Scottish Life International's select income and growth bond gives two options, one for the more aggressive investor and one for the more cautious. Both are linked to the FTSE 100, S&P 500 and Eurostoxx 50 indices.
The aggressive option guarantees a 10 per cent gross annual income, 2.4 per cent quarterly income or 32 per cent growth over the term. It provides 30 per cent “soft” protection on the worst-performing index, a feature we do not like. For example, should the Eurostoxx 50 fall by 30 per cent at any time, all three indices must recover to at least their original levels for the capital to be returned in full. If the indices do not recover, downside gearing is applied to the performance of the lowest index at a rate depending on whether you choose the growth or income option.
For example, investors taking the growth option can expect gearing to reduce the return by as much as 2.066 per cent for every 1 per cent fall in the market.
The cautious option guarantees 8 per cent gross annually, 1.9 per cent quarterly or 25.5 per cent growth. Again, there is “soft” protection of 30 per cent on the worst performing index but, if an index does break the barrier, then all the indices have to return to only 85 per cent of the initial value. Presuming the safety barrier is broken, the downside gearing has an effect on the initial investment if the final level is 15 per cent below the initial level. Again, the degree of gearing depends on whether the income or growth option is taken.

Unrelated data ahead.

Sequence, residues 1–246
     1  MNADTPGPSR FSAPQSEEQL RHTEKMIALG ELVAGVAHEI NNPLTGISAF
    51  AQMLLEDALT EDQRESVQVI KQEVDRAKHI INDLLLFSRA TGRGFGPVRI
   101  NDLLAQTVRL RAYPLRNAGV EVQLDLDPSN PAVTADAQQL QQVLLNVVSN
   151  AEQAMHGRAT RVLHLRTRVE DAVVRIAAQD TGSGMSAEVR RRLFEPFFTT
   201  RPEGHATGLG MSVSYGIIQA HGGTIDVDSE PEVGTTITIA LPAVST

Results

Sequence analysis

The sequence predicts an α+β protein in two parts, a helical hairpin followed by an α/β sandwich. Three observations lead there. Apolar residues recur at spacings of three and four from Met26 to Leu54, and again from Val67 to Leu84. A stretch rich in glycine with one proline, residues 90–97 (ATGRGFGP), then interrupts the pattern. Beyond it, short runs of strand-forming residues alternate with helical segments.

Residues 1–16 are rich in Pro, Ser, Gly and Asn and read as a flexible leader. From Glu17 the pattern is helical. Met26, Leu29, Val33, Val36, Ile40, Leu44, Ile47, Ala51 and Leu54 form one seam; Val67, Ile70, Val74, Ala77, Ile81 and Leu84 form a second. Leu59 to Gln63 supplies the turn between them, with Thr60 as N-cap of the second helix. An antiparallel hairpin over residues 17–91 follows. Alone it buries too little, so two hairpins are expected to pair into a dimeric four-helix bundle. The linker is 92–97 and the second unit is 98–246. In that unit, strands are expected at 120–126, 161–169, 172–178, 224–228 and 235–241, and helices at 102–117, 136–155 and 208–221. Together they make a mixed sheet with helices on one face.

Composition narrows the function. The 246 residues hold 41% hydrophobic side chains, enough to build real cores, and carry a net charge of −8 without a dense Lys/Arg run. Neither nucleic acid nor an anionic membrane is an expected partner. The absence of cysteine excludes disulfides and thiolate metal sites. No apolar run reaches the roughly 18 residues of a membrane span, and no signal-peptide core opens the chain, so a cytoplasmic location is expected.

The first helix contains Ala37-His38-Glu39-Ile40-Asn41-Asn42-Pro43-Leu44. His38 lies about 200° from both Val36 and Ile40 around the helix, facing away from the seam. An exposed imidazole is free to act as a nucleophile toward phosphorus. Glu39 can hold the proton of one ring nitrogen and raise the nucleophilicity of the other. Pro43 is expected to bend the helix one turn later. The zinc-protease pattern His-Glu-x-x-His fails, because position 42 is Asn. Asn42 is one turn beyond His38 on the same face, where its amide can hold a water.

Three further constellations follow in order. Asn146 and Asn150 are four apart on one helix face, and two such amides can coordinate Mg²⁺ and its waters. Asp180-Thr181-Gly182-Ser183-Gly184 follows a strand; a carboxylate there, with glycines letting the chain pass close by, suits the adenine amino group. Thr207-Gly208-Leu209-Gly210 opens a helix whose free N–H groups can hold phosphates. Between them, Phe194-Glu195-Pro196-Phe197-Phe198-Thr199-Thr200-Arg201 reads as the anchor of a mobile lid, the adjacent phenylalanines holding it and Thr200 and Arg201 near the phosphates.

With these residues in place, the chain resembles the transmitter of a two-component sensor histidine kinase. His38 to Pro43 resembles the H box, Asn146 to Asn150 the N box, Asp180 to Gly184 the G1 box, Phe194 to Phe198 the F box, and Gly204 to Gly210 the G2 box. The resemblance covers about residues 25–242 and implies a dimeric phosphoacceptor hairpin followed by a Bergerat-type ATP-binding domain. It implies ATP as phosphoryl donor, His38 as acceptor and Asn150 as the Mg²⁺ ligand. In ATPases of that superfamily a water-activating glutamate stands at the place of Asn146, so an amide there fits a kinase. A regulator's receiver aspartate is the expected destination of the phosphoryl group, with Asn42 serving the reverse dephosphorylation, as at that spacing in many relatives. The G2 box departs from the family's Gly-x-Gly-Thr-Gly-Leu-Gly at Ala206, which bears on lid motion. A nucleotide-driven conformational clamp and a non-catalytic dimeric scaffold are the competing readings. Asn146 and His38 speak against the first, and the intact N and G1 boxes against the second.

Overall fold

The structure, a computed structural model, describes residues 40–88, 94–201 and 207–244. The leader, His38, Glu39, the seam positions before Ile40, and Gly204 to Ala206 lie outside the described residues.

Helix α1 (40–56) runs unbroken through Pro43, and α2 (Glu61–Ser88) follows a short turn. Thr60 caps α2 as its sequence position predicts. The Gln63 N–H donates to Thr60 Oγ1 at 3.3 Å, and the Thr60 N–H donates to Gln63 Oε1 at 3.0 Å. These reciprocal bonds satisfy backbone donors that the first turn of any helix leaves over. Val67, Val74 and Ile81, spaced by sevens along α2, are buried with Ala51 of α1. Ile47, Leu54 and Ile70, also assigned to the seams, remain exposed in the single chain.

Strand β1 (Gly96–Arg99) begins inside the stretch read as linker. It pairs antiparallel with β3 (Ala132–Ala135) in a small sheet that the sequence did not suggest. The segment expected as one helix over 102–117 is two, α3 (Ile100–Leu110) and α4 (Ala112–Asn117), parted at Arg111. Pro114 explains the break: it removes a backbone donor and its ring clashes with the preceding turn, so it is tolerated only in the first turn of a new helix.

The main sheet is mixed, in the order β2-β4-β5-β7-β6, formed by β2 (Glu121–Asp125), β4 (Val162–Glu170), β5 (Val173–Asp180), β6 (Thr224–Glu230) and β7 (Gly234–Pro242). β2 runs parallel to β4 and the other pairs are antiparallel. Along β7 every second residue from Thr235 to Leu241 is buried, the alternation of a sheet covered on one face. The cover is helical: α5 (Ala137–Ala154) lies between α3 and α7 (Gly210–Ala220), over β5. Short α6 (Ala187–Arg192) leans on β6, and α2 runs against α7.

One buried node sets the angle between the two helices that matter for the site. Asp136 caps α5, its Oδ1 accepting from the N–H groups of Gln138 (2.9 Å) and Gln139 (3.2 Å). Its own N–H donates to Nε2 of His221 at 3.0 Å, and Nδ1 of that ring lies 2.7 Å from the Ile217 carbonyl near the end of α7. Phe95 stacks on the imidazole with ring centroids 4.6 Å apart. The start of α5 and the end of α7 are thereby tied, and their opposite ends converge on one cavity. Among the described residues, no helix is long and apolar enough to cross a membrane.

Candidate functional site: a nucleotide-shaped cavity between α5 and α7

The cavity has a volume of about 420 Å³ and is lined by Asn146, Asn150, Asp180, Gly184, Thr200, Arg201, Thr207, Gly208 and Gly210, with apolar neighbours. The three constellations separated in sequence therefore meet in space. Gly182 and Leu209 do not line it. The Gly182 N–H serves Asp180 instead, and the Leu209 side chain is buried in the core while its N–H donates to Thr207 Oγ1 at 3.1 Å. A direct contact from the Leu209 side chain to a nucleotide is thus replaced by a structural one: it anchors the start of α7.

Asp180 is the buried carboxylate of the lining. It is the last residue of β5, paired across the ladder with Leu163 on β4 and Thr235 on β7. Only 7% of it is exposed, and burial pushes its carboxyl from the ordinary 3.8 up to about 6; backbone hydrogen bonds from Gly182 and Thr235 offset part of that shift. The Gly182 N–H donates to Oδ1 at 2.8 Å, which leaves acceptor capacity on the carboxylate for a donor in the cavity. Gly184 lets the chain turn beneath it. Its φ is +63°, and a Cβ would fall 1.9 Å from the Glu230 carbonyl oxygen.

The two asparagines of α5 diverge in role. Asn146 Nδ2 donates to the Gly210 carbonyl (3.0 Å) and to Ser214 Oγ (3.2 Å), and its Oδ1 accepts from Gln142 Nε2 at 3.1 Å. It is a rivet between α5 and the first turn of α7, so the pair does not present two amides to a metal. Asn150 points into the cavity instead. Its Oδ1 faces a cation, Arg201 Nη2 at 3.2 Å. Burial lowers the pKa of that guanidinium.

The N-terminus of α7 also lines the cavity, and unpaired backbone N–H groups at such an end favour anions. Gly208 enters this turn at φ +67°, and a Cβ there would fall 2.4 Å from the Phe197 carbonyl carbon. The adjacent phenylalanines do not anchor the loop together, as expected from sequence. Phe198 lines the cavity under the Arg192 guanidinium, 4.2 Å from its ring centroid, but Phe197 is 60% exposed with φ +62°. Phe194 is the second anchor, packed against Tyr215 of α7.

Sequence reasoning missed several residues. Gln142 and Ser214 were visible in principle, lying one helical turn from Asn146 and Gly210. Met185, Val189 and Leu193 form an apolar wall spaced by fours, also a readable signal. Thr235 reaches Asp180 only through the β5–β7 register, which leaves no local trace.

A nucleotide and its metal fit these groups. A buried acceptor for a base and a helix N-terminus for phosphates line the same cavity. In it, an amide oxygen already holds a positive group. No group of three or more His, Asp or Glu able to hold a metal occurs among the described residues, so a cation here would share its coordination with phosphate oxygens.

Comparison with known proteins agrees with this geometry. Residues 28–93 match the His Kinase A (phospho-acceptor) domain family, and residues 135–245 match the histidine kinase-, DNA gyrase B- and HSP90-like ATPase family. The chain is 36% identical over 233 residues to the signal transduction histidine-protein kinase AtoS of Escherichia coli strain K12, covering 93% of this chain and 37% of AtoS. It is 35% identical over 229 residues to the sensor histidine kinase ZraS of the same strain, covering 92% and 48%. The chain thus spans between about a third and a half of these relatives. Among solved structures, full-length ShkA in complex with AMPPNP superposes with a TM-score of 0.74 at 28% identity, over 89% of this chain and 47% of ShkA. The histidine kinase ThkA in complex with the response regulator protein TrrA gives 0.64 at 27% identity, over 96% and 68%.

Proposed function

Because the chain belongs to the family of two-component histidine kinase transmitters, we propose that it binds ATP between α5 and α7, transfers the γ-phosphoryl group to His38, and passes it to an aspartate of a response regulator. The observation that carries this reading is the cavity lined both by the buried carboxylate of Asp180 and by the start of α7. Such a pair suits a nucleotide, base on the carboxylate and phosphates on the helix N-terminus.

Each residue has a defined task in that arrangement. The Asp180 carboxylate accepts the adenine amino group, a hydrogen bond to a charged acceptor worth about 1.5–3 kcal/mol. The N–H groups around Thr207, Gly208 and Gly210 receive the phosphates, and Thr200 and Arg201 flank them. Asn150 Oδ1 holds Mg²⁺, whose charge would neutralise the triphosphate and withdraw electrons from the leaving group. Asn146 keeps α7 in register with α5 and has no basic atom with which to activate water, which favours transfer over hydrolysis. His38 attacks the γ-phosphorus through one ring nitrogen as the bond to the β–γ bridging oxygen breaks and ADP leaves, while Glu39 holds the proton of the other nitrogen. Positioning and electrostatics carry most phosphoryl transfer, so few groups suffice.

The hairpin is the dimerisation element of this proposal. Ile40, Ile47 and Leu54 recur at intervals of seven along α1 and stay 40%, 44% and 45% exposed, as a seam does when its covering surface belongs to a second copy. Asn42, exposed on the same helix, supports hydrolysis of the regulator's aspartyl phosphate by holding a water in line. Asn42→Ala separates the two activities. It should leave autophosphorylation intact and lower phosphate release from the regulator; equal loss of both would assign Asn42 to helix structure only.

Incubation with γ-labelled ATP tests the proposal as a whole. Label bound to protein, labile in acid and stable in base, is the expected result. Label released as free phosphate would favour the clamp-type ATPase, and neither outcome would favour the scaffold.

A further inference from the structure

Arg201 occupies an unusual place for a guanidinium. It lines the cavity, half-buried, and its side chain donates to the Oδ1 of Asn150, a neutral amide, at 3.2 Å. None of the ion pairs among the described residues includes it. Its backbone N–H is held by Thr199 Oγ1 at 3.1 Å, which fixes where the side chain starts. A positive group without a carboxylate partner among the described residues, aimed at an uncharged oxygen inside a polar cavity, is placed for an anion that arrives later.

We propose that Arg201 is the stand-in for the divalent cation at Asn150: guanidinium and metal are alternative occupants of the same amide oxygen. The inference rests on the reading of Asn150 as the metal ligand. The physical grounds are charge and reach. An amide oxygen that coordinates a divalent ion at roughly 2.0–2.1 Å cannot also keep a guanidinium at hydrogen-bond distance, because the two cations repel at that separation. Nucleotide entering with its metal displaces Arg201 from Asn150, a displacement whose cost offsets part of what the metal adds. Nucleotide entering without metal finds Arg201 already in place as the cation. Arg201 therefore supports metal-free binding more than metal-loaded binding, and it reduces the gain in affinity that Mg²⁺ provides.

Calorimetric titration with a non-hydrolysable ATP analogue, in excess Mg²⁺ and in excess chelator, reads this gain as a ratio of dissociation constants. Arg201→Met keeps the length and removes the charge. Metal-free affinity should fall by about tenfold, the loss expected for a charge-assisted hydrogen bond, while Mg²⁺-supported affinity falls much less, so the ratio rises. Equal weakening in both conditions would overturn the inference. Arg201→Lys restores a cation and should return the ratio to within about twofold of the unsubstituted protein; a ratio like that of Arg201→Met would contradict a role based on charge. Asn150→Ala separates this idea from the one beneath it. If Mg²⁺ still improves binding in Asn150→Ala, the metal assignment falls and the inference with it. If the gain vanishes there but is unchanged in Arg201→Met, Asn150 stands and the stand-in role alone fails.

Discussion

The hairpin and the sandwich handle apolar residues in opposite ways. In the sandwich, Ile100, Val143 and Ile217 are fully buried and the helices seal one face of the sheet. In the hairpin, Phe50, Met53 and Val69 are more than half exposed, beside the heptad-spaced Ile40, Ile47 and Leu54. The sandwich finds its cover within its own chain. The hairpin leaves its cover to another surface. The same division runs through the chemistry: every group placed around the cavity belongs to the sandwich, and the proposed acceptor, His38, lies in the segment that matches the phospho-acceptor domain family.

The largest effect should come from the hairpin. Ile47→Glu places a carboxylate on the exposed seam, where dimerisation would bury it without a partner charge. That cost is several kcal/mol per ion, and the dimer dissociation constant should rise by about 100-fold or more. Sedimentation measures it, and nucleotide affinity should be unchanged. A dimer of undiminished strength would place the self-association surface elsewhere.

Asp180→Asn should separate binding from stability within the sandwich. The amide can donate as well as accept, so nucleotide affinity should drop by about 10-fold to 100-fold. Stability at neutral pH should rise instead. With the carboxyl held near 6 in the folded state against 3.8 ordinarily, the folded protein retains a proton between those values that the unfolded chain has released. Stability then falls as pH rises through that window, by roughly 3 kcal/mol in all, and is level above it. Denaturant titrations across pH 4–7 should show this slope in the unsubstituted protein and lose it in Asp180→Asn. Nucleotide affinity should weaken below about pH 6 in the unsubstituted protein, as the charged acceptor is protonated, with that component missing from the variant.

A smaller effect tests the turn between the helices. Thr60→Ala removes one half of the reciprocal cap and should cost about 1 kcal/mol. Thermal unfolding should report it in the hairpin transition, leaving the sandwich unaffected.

My personal opinion is that there are better products on the market that offer equivalent returns with greater safety.
Darius McDermott is managing director of Chelsea Financial